The pilgrimage trip ended in Kathmandu and we flew to Delhi around 4pm. Bing, Flora and I said good-bye to our Hong Kong friends after landing at the airport at 6pm. They would be getting a connecting flight to Hong Kong at 2am while we began our next journey. As soon as I got off the plane, I was greeted by a Jet Airways staff on the tarmac. He told me he had found my suitcase in the conveyance belt on November 11. He has a nice smile and seems genuinely helpful. I was moved and gave him a tip of 500 rupees. The queue at e-visa counters was short and I got through quickly. I collected my luggage without problem this time. Siu Mui who arrived from Hong Kong around 4pm had been waiting for us for two hours! We were met by a representative from the travel agent ‘My Tour India’ who dropped us to a small family-run Justa GK Hotel in a residential area. The traffic was heavy and we took almost an hour to get to our destination. It was 8pm when we checked in. Siu Mui was my new room mate. I was not too hungry and the menu and the restaurant looked dull. I am not anti-social but decided to skip dinner. Since we had hot water, I was able to have powder congee in the room while Siu Mui, Bing and Flora had dinner downstairs. The hotel though only 8-year-old, looks run-down. The door and corners of the bathroom were covered in dust. The hot water system did not work. We had to ask the receptionist three times to fix it. By the time the water was hot enough for a shower, it was after 10:30pm! Siu Mui had no sleep for 24 hours and was dead tired. We went to bed early and had a reasonable sleep.
Day 2 November 19 Sunday: Delhi – Mathura 165km – Agra 60km
We had a nice breakfast at 8am and departed at 9:30am with our guide Mukesh who is from Khajuraho. Today’s plan was to visit Mathura, the birth place of Krishna, the eight avatar (incarnation) of Vishu, en route to Agra.
According to the legend, Krishna, an eight avatar of Vishu, was the son of Vasudeva and Devaki (sister of Kamsa, wicked king of Mathura). The couple was imprisoned and their offspring was slaughtered by Kamsa who feared his kingdom would one day be destroyed by Devaki’s child. When Krishna was born, he was smuggled across the Yamuna River by a servant to Gokula (modern day Gokul) where he was raised by Nanda (leader of the herdsman)and his wife Yashoda. Krishna grew up performing many miracles and slew demons. He became renowned as a lover and the sound of his flute would prompt gopis (wives and daughters of headsmen) to leave home to dance ecstatically with him in the moonlight. When he grew up and learned about his parents, he and his brother Balarama returned to Mathura and slayed Kamsa. He led his Yadavas clan move west and established his court at Dvaraka (modern day Dwarka, Gujarat) and marred the princess Rukmini and took other wives. He was shot and killed by a huntsman mistaking him for a deer in a forest when he sat lamenting the death of his brother and son. The rich variety of legends associated with Krishna’s life has led to an abundance of representation in painting and sculpture. The child Krishna is depicted crawling on his hands and dancing with joy. The divine lover is shown playing the flute surrounded by adoring gopis. He is also depicted with blue-black skin, wearing a yellow dhoti (loincloth) and a crown of peacock feathers.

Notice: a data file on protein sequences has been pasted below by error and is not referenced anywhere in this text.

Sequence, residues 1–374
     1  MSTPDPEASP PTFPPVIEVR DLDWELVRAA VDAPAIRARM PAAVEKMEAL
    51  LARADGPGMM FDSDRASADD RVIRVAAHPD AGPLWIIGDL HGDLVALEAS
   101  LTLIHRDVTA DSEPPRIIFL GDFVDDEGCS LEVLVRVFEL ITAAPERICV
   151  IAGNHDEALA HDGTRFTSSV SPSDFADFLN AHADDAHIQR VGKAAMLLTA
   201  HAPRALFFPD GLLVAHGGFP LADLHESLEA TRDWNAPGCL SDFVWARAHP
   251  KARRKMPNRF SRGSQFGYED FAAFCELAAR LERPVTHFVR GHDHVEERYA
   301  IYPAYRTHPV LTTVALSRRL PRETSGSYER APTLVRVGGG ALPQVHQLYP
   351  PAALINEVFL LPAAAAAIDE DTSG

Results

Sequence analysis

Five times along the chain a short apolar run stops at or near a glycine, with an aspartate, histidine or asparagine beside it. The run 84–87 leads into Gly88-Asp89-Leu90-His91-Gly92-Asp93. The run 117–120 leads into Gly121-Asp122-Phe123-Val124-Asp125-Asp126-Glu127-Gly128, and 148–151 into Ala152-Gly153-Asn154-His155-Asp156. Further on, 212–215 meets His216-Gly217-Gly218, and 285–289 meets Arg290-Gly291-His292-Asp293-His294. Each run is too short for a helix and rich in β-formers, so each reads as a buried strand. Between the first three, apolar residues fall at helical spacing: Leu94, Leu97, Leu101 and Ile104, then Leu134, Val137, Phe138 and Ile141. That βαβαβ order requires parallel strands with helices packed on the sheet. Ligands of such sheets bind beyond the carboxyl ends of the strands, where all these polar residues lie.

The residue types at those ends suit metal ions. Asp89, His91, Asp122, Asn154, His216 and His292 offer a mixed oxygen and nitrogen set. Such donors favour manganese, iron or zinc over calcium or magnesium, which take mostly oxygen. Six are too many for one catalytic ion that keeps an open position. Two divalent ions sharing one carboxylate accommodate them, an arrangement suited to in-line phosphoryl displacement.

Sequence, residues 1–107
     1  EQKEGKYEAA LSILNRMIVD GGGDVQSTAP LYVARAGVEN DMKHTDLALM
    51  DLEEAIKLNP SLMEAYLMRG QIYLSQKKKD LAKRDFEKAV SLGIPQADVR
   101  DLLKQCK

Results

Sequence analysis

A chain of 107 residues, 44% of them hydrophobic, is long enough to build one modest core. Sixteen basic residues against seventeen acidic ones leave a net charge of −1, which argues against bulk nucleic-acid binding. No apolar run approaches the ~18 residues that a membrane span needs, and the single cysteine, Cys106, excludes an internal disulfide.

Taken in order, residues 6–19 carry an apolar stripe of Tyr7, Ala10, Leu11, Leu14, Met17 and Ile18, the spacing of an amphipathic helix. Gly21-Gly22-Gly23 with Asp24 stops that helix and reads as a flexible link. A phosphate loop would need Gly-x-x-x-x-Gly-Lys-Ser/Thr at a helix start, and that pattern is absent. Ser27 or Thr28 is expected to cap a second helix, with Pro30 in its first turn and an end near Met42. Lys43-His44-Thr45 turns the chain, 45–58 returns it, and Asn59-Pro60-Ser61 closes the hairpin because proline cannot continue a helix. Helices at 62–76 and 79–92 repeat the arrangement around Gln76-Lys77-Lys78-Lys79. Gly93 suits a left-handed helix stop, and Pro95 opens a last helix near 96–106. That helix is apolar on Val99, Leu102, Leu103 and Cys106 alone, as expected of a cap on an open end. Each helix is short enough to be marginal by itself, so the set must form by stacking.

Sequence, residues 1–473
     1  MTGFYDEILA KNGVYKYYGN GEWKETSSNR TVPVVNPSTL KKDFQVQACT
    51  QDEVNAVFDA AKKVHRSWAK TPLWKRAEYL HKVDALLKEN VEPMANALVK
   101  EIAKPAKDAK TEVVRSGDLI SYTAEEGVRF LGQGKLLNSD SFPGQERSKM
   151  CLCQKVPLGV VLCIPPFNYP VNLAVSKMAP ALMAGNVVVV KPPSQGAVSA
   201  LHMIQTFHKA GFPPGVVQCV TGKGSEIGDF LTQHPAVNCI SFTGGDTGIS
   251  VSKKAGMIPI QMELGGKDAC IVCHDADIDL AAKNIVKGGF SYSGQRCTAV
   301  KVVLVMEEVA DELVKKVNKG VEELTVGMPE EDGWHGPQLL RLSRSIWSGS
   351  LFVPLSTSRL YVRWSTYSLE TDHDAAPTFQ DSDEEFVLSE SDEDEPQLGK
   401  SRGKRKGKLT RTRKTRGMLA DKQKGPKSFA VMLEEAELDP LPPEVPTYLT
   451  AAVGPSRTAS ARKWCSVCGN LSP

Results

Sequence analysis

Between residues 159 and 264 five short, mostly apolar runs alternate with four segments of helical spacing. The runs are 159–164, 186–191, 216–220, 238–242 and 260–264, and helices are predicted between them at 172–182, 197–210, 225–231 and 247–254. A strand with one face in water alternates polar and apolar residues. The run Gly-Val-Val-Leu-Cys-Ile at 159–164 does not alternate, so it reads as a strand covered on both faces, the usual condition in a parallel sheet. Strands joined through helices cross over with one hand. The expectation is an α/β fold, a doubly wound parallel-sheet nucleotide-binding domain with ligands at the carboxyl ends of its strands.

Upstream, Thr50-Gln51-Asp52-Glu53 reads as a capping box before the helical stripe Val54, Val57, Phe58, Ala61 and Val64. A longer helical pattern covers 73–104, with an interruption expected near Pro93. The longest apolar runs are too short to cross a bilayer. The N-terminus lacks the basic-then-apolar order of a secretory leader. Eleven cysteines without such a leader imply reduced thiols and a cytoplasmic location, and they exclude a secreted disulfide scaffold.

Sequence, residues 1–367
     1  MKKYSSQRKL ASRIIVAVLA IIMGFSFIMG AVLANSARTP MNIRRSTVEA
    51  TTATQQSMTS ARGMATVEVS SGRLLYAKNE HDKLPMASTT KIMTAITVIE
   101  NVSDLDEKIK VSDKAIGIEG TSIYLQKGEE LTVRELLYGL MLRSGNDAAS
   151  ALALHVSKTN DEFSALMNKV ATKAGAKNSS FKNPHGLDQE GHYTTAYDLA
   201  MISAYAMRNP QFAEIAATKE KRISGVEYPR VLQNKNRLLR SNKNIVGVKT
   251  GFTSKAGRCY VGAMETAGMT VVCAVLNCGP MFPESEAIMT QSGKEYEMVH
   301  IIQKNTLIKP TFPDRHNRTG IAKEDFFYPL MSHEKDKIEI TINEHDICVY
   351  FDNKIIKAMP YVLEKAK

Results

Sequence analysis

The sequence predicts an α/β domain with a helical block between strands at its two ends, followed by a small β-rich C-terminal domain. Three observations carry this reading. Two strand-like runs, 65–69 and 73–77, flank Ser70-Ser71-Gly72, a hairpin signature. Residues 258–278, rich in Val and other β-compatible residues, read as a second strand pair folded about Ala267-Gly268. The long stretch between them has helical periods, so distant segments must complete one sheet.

We arrived at the Krishan’s temple after 1pm. No photo is allowed in the temple ground. Mukesh took us to the cell where the couple was imprisoned and where Krishna was born. We also entered a cave which tells his life story. The cave was stuffy and children were making a lot of noises. I soon got out gasping for fresh air. It was after 2pm when we finished the tour. We had a quick lunch in a local eatery. A set lunch (typical thali ) with chapati, dil, potato and rice cost 80 rupees. As some political party was campaigning in the area, our minibus could not go to the Archaeological Museum. We had to take a tuk-tuk and were amazed to find many awesome stone sculptures in good conditions ranging from the third BCE to the Medieval Period around 16th century. The museum was closed at 4:30pm. I only saw a small portion of the exhibits. Anyway, I took many photos which I could look more closely later.
By the time we arrived at the Howard Plaza Hotel in Agra, it was already 7pm. We were hungry and had dinner at the hotel. The buffet was good and reasonable (less than US$10 pp with discount for hotel guests). I was not tired and spent a couple of hours on my travel notes for the first time.
Day 3 November 20 Monday: Taj Mahal; Agra to Gwalior by train
Taj Mahal meaning Crown of the Palace, is India’s icon and the country’s most visited attraction with some 4 million visitors a year.Emperor Shan Jahan (reigned from 1628 to 1658) commissioned a project in 1632 to house the tomb of his favourite wife, Mumtaz Mahal who died of childbirth. The tomb is the centrepiece of a 17-hectare complex which include a mosque, a guest house, gardens and fountains. The project deployed some 20,000 artisans and cost 32 million rupees. It has been designated as a World Heritage Site for being “the jewel of Muslim art in India and one of the universally admired masterpieces of world heritage”.